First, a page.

Family Groove Company is an unsigned American four piece jam band based out of Chicago, Illinois. FGC tours heavily and as of June 2006, they have played in 28 states totaling over 400 shows.
Family Groove Company (FGC) started out in January 2001 when Adam Lewis (guitar) and Jordan Wilkow (keyboards) met Janis Wallin (bass) and Mattias Blanck (drums) while studying music at the Musician's Institute in Los Angeles, California. It wasn't long before they recorded their first demo recording and began performing throughout Southern California. The band began touring quite a bit throughout the Western U.S. with regular appearances in San Diego, San Francisco, and Portland, Oregon. In Spring 2002, the band released their 10-track debut album, Reachin'.
With the number of markets available to the band limited by the vast expanse of the American west, in the fall of 2002, FGC made the decision to relocate to Chicago, Illinois. Since then, the band has pursued an aggressive touring schedule that has included headlining performances, "opening band" exposure opportunities, and high profile appearances at festivals like Summerfest, the 10,000 Lakes Festival, and Summer Camp Music Festival in Chillicothe, IL.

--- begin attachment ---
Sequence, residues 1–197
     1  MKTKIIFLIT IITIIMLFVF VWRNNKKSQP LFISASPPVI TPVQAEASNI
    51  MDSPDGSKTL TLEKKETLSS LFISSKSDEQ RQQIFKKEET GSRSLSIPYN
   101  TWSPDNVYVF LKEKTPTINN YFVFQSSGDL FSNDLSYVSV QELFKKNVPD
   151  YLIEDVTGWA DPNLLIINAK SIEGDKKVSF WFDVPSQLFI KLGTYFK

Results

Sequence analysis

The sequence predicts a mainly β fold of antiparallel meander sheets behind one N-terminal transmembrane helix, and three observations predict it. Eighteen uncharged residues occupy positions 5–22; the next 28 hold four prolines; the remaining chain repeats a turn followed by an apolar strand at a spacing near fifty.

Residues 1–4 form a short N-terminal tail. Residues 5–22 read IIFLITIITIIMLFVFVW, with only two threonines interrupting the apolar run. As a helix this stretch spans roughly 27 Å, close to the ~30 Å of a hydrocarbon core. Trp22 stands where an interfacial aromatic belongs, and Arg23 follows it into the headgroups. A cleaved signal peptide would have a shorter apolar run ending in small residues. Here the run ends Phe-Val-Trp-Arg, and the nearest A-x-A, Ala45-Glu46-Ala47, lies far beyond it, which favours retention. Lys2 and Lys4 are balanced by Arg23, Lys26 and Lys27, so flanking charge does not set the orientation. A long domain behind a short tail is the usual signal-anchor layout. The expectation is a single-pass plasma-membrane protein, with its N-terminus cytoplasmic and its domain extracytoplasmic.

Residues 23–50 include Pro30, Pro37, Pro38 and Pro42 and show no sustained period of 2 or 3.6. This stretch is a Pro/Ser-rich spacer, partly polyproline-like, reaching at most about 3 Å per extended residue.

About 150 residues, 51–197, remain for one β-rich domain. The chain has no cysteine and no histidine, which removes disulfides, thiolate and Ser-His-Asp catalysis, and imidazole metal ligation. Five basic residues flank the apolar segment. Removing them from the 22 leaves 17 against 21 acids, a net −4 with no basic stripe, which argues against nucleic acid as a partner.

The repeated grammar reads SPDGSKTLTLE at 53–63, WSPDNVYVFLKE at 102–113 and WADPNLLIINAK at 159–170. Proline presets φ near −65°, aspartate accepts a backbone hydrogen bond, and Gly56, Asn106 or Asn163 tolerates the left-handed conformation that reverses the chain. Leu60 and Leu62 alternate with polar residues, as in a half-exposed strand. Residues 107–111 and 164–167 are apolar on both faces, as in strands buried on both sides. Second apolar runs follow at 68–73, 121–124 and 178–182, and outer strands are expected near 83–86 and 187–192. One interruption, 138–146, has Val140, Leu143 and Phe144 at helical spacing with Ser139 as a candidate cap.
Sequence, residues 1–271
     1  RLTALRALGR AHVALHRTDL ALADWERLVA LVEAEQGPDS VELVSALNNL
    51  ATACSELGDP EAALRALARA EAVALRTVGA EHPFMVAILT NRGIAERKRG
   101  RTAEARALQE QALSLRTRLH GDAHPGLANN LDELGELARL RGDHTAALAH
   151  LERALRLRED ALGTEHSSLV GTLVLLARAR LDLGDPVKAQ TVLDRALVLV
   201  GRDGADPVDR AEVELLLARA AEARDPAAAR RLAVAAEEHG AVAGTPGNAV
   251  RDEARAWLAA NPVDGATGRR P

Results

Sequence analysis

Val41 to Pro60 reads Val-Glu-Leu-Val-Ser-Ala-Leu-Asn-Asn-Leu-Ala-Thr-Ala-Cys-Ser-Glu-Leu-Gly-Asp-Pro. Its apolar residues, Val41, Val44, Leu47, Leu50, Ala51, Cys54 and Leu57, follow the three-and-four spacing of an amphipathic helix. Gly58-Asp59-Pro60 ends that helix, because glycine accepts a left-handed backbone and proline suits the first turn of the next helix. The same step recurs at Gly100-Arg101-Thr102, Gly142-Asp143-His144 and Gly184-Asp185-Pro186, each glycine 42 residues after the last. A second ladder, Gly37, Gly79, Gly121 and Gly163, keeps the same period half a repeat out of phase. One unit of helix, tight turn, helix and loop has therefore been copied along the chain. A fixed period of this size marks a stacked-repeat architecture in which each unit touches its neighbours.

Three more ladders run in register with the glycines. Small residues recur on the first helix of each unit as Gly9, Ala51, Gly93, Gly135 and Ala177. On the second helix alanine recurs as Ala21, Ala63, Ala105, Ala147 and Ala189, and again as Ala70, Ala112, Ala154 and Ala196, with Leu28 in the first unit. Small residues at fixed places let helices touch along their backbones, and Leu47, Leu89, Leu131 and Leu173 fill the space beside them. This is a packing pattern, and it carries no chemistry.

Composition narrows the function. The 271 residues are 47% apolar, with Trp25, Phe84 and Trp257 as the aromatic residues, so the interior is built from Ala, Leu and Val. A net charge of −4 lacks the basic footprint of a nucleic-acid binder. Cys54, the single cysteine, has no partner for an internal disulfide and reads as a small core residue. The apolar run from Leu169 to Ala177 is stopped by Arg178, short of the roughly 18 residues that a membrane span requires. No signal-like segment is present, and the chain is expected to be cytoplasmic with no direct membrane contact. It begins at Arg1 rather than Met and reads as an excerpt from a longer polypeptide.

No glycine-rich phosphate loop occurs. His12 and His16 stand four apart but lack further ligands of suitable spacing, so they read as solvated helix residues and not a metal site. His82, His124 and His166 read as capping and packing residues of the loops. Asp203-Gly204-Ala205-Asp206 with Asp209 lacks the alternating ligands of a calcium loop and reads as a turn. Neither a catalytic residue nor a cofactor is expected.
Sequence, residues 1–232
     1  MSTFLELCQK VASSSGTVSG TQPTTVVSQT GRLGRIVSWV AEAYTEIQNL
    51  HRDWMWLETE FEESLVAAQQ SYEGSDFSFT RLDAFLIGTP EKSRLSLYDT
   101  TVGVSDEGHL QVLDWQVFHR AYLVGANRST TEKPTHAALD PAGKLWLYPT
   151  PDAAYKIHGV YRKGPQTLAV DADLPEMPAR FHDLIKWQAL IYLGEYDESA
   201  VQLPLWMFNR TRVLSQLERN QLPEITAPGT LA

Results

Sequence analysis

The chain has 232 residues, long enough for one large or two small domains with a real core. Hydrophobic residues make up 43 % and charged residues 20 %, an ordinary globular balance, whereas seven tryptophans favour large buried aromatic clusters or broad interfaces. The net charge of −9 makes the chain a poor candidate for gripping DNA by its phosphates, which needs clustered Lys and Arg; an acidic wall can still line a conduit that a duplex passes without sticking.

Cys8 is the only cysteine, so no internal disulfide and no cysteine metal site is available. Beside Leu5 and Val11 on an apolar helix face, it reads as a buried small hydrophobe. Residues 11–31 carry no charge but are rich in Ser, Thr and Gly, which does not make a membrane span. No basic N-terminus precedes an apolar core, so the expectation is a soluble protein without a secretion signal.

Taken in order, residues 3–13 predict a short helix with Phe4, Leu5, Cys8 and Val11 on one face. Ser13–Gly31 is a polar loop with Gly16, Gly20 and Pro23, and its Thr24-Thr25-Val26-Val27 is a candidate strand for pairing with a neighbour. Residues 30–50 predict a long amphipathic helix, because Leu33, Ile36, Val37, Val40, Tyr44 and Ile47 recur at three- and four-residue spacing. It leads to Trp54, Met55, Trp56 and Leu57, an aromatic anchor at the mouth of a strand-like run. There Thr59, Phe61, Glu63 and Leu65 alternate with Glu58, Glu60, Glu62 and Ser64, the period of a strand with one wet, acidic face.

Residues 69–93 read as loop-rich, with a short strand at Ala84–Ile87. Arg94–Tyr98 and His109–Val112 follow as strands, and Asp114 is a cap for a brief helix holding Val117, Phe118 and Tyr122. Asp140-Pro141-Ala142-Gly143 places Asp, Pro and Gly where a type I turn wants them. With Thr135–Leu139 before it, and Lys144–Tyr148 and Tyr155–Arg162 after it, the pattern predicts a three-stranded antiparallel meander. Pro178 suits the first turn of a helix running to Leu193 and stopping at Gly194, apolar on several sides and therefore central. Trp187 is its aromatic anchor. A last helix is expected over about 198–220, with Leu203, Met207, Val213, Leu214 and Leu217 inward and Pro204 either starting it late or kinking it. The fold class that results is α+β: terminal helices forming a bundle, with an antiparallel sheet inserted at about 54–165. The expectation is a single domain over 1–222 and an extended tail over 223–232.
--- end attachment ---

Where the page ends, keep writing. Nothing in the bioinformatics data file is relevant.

After playing almost 400 more shows and adding over 50 songs to their playlists since their first release, FGC released their second studio album, The Charmer, on April 25, 2006. The Charmer was recorded at Studio Chicago, in Chicago, Illinois in December 2005 with overdubs in January and February 2006. All that touring produced numerous songs. In all, fourteen songs made the cut and are on the album.
Family Groove Company integrates the groove sensibility developed by James Brown and Herbie Hancock, with the more traditional song structure and consciousness of the hook revolutionized by the Beatles. FGC has avoided the jam band formula of the hip-hop/funk/rock groove combined with endless guitar solos. Their focus has been to supplement their passion for improvisation with an attentiveness to composition. FGC feels that compositional coherence and ingenuity are every bit as important as the "jam" that has come to be the namesake of their genre.